Did you know that:
- We encounter more than 5,000 media messages a day.
- We’re aware of only about 150 of them.
- And only four to 12 of them make any impact on us.
That’s bad news if you’re trying to break through the clutter and get your message to your prospects and clients.
Fortunately, consistent, informative email newsletters can help you get heard above the noise. According to the Annuitis Group, “businesses that send lead-nurture emails generate 451% more qualified prospects than their competitors who don’t.”
But how do you keep your newsletter from ending up in the delete file with nary a glance? I asked Kathie Sherman of TenFour Marketing that question. Kathie is a newsletter guru, known for producing newsletters that get results.
These are some of her tips:
Keep your goal in mind.
This may seem too obvious to mention, but everything comes down to your objective. Are you trying to generate leads? Nurture prospects? Increase brand awareness? Your goal will guide all your activities.
Develop a good list.
Collect contact information from people at networking events, on your website, through email and through social media.
One way to expand your list is by offering a good “lead magnet.” This is valuable information you offer people in exchange for their email addresses. You can offer it on your website, through social media, and in your email newsletter itself.
Good lead magnets are laser focused on your prospects and customers. They address a single issue, and appeal to our natural desire for information. Samples include reports, quizzes, software and training tools.
Get permission to send your prospects material.
It’s essential you comply with the Can-Spam Act. This requires, among other things, that your subject line be accurate, your header information correct, and your unsubscribe information clear.
Deliver short, valuable content.
We’re talking here about non-sales content targeted for the top of the sales funnel. That’s where your prospects are just learning about the subject; it‘s the “awareness” part of the “awareness,” “interest,” “desire” and “action” buying sequence.
The goal of your content is to attract people to your site, whether you’re using original content or curating content developed by others. One approach, suggested by Margaret Magnarelli at Monster, is to concentrate on:
- How – Straightforward, utility content
- Now – Thought-leadership content that is focused on news–driven stories
- Wow – Fun content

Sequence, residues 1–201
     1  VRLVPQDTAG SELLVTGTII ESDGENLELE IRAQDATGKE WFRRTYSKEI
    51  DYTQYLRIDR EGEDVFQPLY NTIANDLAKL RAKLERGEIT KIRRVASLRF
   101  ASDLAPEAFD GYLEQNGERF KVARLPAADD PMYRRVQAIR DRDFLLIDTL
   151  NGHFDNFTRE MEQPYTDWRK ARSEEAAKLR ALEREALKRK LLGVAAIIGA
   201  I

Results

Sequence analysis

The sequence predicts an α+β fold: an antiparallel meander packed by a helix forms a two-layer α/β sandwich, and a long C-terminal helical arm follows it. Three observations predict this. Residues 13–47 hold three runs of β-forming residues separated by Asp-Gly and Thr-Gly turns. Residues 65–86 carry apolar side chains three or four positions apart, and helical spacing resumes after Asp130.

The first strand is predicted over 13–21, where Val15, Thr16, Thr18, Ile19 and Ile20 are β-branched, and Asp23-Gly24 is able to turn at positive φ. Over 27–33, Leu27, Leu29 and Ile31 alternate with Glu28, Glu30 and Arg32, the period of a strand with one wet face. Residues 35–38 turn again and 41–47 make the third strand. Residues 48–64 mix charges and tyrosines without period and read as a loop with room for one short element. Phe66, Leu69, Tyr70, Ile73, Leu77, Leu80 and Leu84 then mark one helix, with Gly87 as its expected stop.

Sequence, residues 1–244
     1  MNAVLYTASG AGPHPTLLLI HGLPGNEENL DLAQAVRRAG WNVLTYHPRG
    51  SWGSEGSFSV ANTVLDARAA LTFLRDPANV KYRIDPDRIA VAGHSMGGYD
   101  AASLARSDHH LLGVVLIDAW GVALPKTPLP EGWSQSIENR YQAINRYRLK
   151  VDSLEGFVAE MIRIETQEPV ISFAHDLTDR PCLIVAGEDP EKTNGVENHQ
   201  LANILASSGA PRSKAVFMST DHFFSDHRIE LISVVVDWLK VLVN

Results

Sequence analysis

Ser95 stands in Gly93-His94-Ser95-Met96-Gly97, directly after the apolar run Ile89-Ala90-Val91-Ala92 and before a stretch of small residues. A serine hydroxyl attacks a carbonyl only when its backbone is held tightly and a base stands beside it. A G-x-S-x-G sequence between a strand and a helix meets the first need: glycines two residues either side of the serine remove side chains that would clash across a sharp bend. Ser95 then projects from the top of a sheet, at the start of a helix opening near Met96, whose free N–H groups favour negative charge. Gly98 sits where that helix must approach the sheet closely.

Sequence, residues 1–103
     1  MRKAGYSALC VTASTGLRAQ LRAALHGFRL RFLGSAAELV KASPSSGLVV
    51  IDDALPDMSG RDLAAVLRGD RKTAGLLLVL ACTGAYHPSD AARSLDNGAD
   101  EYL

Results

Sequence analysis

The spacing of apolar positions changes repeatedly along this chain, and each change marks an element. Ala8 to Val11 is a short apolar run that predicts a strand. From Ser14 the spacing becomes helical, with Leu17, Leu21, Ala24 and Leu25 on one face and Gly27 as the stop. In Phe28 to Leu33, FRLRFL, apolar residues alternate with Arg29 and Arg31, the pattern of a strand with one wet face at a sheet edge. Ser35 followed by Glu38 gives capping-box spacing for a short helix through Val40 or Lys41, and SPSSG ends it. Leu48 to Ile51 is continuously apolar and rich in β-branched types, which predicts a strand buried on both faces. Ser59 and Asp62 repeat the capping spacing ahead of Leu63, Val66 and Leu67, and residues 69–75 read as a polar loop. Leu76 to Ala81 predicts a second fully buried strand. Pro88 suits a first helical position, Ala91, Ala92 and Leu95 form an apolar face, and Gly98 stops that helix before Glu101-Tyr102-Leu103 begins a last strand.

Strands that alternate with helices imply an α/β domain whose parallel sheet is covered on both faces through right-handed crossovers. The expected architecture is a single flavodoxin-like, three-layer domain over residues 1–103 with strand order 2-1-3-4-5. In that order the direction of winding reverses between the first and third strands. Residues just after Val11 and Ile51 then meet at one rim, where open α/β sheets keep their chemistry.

Stumped for ideas? Brainstorm with a “content buddy.”Or check out resources such as What To Write, HubSpot’s Blog Topic Generator or Content Forest.
Send your newsletter out regularly. Monthly is fine, more often if you can keep it up.
Prepare a content calendar to help you organize your ideas and stick with your schedule.
Develop strong subject lines.
People spend only fractions of a second evaluating email subject lines. So your best shot at connecting with them is a short, one-line description of your content. Emphasize the fact that the content is useful, ultra-specific, unique or urgent. Possible formats for subject lines include a testimonial, a benefit statement, a question, some news or a how-to.
Here’s the important part. It’s essential to get started.
A great way to get started is by attending the Newsletter Ninja Workshop, which will be taught by Kathie Sherman (the source of most of the information in this blog post) and yours truly. This is a hands-on event where you will practice these skills. You won’t leave with a “to-do” list; you’ll leave with a “have-done” list. Specifically, you’ll leave with a content calendar and the draft of one to three articles.
There are two workshops, one in the East Bay (Wednesday, February 15, 10:30 a.m. -2 p.m., 1815 Harbor Place, Alameda) and one in the South Bay (Thursday, February 23, 10:30 a.m. -2 p.m, Intersection Space. 3165 Olin Avenue, San Jose).
For more information and to register, go to http://tenfourmarketing.com/ninja. We hope to see you there.
Susan Monroe says
Thanks for a truly excellent post, Kay. You have a real knack for coming up with content that’s both well written and exceedingly useful.